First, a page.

Did you know that we are all on a “Relevance Curve”, where the products or services we are providing are either moving our businesses towards (or away from) Peak Relevance to our customers or clients?
Businesses have a lifecycle and there are various phases that exist within the life of a business, the same applies to the products we sell, suppliers we support, customers we serve, industry associations we belong to and even the countries we live in.
Australian researcher Michael McQueen in his brilliant book – “Winning The Battle For Relevance” articulates how to identify where you are on the curve, together with the early warning signs of impending business disaster and how to recalibrate your business
before it’s too late. It’s fascinating and enlightening research and identifies what many businesses are experiencing right now given the rate of technological change impacting businesses and professions around the globe.
When we start out in business there’s a Tipping Point when we realise that the products or services we are providing actually have a market, you remember that first sale and the excitement that people actually want what you have got – that’s your Tipping Point moment.
However things change at a Turning Point, which is the precursor to Crisis and if not addressed you’re heading towards the Tanking Point, which signifies the end of your businesses relevance. However if identified early enough you can come back from crisis avoiding the Tanking Point by re-calibrating and continuing your business journey on a new found relevance curve.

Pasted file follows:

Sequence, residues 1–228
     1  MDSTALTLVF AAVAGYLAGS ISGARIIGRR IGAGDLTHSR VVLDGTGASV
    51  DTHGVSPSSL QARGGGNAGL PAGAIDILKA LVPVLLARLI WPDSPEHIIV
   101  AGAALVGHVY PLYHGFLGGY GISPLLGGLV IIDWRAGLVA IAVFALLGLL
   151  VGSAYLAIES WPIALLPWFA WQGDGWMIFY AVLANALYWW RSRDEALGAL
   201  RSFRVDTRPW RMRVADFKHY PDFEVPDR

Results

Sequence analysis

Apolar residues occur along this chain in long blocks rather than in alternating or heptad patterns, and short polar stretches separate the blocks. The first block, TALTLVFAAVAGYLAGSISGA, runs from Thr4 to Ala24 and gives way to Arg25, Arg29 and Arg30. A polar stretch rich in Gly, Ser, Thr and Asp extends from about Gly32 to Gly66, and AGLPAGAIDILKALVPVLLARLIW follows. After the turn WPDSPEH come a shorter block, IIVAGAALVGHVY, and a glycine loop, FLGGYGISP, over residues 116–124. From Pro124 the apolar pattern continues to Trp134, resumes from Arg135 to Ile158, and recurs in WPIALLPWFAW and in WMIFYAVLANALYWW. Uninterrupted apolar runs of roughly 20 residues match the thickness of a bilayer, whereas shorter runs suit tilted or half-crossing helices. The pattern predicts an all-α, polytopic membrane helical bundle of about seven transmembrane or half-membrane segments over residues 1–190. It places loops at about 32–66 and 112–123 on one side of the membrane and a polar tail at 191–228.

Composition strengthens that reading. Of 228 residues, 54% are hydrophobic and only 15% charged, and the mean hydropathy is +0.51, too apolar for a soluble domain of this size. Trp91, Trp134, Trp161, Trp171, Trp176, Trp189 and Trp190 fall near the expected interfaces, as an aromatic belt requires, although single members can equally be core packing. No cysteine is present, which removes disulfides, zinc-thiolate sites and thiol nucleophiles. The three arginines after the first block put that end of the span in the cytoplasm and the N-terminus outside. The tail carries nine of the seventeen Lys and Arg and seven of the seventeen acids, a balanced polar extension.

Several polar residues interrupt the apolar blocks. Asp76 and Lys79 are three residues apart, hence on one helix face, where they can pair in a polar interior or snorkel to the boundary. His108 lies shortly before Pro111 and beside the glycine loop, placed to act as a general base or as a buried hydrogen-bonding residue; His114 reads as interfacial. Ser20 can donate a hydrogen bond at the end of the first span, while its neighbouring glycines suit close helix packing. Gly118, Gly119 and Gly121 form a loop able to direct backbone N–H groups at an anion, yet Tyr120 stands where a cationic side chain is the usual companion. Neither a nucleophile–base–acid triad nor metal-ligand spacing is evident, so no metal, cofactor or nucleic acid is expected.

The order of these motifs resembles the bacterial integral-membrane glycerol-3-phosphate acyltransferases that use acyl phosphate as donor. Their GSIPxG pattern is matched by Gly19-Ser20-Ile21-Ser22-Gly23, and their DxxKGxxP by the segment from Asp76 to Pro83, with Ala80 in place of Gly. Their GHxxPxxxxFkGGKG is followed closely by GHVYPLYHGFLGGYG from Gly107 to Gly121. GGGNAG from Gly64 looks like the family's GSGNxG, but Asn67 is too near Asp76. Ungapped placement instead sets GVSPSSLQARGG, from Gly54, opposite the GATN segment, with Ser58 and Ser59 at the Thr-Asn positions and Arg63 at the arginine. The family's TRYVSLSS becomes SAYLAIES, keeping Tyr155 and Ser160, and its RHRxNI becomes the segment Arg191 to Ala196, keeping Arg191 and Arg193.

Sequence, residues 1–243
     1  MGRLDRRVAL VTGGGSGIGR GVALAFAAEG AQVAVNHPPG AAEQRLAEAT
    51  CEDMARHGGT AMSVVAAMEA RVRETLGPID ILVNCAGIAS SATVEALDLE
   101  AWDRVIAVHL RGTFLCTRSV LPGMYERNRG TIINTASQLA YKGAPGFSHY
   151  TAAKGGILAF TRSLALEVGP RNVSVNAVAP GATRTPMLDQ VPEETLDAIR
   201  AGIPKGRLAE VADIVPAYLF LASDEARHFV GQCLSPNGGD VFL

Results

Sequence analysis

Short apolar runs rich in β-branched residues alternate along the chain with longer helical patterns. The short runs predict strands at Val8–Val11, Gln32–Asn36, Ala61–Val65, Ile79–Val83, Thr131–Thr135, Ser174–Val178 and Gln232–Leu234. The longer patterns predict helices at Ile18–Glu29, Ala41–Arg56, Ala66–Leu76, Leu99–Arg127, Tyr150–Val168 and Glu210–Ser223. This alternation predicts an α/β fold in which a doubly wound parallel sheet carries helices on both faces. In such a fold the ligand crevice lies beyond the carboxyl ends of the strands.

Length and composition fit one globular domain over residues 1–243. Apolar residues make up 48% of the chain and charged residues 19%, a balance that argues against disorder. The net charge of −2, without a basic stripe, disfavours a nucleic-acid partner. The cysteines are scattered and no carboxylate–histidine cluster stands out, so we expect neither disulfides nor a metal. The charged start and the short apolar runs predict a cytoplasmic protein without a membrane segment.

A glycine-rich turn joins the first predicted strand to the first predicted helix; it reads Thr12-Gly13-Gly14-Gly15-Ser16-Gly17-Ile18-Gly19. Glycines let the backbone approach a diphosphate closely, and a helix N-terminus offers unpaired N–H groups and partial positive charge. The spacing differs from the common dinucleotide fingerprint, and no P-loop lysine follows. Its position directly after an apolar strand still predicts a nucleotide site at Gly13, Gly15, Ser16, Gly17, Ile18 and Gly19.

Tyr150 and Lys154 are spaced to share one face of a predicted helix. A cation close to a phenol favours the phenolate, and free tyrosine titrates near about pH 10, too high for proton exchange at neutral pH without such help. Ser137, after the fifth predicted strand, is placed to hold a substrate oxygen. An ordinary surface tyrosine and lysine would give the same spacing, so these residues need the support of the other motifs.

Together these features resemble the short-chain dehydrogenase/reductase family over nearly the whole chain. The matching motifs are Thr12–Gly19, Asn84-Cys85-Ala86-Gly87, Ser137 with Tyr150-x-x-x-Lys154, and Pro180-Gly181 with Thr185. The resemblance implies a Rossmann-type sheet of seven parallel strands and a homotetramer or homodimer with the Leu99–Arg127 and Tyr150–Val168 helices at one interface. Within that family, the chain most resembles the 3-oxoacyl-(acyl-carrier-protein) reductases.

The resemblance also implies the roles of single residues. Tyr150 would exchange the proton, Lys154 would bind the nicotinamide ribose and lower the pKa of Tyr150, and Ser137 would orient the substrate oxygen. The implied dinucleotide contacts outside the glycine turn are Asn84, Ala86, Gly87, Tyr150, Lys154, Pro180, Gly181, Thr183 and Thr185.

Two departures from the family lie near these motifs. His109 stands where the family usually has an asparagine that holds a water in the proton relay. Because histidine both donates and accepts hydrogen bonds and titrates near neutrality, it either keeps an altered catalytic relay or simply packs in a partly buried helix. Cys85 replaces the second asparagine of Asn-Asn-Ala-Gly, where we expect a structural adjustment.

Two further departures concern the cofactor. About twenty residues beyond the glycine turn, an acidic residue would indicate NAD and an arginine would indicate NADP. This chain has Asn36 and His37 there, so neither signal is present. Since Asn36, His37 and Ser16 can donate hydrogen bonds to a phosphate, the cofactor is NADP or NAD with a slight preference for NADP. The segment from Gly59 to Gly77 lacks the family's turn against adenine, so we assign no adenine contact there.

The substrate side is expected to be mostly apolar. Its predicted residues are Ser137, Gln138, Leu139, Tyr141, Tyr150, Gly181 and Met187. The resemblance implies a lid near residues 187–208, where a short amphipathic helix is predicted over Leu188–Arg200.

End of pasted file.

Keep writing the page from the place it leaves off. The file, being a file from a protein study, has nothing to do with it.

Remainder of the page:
What business are you in? A famous example is Kodak, even though they invented photographic film and the digital camera the business still failed, Why? Essentially they forgot what business they were in, thinking they were in the product manufacturing and distribution business – when in actual fact they were in the memory preservation business. The failure to adapt to changing trends in the way society captured and shared their memories contributed to their demise.
So what business are you in? Is your current product or service range defining your business? After all no one ever wants our products or services (seriously) – they actually want the solutions we provide – So what problem are you solving for your clients and customers?
An industry currently in crisis is the Taxi industry. I recently caught a taxi from Sydney airport and the driver was complaining about the Uber impact. So I asked him why he thinks Uber is succeeding. Without any hesitation he said “Because the customer likes Uber and we (Taxis) aren’t giving the customer what they want” (Bingo).
So what does your customer want? Has their need changed and your solutions stayed the same? Are you reacting to the competition just as the Taxi industry, first ignoring, then criticising, next condemning, then attempting to copy (with a me too product) or are you truly innovating?